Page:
New close partnership between Libya and the U.S.? U.S. Defense Security makes historic visit to Libya

Secretary of Defense Leon Panetta greets members of the Libyan delegation on the tarmac during his arrival in Tripoli, Libya, on Saturday.

After the death of Qaddafi, a new chapter is opening up in U.S.-Libya relationsas U.S. defense security Leon Panetta made a historic visit to post Qaddafi Libya.

US Defence Secretary Leon Panetta said on Saturday that Tripoli could become an important security partner of Washington as he visited Libya for talks with new regime officials.“We are and will be your friend and partner,” Panetta said at a news conference with Libyan Prime Minister Abdel Rahim al-Kib.“This new and free Libya can become an important security partner of the United States,” he said, adding that Washington was looking forward to building a close partnership.“We stand ready to offer whatever assistance in the spirit of friendship and a spirit of mutual respect.” But Panetta, who also met Defence Minister Osama Jouili, stressed that his talks in Tripoli did not involve military equipment. “At this stage there was certainly no discussions involving arms or military equipment,” he said when asked about the type of security cooperation he envisioned. Earlier he had told the travelling press, including an AFP correspondent, that his brief visit to Tripoli was to confer with the country’s new rulers on the security needs of their government. “The purpose of my trip to Libya is to have an opportunity to look at that situation up close but to also pay tribute to the Libyan people to what they did in bringing (former leader Moamer) Kadhafi down and trying to establish a government for the future,” Panetta said. He acknowledged that Libya’s rulers would face huge challenges but said he was confident they would “succeed in putting a democracy together in Libya.” “I’m confident that they’re taking the right steps to reach out to all these groups and bring them together so that they will be part of one Libya and that they will be part of one defence system,” he said. Panetta said he expected the Libyans “to determine the future of Libya” and “determine what assistance they require from the United States and the international community.”Libya’s rulers are facing a big challenge as they try to disarm militiamen who fought to topple Kadhafi and secure thousands of surface-to-air missiles stockpiled under the former regime.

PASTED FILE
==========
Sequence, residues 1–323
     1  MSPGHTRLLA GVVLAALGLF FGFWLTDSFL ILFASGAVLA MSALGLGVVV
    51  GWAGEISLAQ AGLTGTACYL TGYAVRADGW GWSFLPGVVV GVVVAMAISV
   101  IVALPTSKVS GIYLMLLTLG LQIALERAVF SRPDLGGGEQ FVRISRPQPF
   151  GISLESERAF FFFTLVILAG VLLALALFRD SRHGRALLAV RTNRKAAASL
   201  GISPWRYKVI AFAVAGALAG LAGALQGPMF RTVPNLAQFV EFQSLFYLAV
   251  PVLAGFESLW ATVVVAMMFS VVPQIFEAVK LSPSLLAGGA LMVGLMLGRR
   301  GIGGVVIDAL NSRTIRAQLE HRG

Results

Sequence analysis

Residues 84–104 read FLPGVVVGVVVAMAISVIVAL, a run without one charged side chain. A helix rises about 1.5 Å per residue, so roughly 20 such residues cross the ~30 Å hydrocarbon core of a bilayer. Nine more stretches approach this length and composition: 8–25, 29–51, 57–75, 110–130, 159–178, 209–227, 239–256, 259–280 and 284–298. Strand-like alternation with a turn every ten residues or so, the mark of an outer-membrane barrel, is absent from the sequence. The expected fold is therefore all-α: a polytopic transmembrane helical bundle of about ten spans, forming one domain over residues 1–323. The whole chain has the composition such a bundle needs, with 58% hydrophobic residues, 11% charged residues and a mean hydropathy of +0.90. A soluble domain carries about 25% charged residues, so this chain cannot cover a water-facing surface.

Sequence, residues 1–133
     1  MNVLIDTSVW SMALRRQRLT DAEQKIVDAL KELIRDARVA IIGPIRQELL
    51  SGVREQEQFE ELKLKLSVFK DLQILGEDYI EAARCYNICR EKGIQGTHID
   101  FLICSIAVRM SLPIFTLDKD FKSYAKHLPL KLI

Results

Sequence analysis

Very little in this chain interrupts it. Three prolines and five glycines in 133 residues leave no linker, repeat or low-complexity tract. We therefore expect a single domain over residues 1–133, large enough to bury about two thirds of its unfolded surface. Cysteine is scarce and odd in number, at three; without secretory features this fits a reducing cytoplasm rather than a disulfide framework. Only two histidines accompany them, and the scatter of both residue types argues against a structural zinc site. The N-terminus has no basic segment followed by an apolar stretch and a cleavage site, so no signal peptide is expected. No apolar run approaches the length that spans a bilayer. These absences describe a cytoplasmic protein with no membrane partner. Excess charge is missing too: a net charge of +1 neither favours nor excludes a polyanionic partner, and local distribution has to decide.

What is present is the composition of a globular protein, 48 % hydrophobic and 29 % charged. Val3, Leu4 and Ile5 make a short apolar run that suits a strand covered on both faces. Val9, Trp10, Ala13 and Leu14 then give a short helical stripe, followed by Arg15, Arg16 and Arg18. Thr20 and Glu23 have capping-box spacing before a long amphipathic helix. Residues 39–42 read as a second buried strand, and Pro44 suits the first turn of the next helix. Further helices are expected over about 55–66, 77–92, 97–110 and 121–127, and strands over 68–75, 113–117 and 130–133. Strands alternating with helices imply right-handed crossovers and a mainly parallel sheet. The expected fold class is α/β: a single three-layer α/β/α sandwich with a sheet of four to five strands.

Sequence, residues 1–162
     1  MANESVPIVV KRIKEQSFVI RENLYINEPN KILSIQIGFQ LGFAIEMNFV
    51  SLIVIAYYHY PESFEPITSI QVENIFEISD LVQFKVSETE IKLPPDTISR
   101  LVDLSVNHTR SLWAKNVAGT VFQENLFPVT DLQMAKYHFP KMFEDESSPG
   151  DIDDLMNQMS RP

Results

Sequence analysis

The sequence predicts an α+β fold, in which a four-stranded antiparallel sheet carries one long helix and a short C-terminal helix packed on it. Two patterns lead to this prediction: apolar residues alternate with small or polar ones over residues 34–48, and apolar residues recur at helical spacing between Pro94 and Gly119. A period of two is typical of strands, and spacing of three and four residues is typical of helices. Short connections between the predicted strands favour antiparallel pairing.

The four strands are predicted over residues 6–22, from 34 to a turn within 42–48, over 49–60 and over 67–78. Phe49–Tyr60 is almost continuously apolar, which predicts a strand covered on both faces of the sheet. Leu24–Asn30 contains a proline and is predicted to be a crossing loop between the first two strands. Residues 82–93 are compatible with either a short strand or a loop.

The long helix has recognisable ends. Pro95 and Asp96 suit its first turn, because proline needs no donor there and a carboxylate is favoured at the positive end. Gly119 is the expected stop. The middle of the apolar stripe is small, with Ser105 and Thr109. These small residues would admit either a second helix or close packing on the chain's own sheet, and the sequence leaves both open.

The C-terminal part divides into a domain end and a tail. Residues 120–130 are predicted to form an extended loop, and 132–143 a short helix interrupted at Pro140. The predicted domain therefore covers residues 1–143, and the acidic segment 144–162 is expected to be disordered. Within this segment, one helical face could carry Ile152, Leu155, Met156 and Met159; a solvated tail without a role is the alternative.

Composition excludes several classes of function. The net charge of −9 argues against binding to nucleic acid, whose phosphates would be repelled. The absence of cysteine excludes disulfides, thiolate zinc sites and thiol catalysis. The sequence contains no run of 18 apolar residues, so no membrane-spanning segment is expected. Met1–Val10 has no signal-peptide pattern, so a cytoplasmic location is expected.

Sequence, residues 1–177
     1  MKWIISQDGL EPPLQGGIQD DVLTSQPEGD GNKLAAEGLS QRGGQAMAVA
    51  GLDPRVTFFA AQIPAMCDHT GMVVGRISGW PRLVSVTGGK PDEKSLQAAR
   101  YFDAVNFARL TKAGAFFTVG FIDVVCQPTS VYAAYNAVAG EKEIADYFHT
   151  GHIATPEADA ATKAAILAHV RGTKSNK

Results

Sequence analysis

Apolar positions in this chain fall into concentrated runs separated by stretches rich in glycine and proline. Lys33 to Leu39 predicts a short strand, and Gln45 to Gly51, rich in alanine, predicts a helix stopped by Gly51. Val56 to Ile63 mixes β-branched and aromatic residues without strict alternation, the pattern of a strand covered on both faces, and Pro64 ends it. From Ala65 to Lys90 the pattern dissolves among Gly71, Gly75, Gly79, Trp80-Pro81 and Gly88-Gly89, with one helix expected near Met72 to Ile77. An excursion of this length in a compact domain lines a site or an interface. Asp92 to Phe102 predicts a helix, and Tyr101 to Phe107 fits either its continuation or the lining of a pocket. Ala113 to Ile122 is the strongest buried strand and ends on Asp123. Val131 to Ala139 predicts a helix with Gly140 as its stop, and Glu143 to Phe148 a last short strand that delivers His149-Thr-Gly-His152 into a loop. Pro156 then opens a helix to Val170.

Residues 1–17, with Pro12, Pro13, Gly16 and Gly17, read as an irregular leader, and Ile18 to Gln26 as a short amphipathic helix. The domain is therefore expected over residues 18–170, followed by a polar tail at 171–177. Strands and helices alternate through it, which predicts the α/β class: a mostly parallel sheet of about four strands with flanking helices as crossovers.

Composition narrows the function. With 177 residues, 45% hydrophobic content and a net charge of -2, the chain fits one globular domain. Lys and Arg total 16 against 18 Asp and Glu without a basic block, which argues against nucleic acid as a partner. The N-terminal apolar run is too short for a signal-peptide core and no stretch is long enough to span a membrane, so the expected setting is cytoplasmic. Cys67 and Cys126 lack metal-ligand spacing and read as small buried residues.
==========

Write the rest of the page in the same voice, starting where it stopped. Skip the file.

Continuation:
Though one can’t predict the future since it is unknown, what is known now is that Libya and the U.S. won’t have hostile relations between each other post Qaddafi.  This change from hostility to possible cooperation is no doubt good for both nations. The end of the Qaddafi regime brought to an end a sad, tragic, cruel chapter in the lives of the Libyan people.  With a new beginning, the road ahead will be difficult especially in reforming the economy to join global trade, having a stable political environment, but in the long run, that is what’s needed to move ahead.

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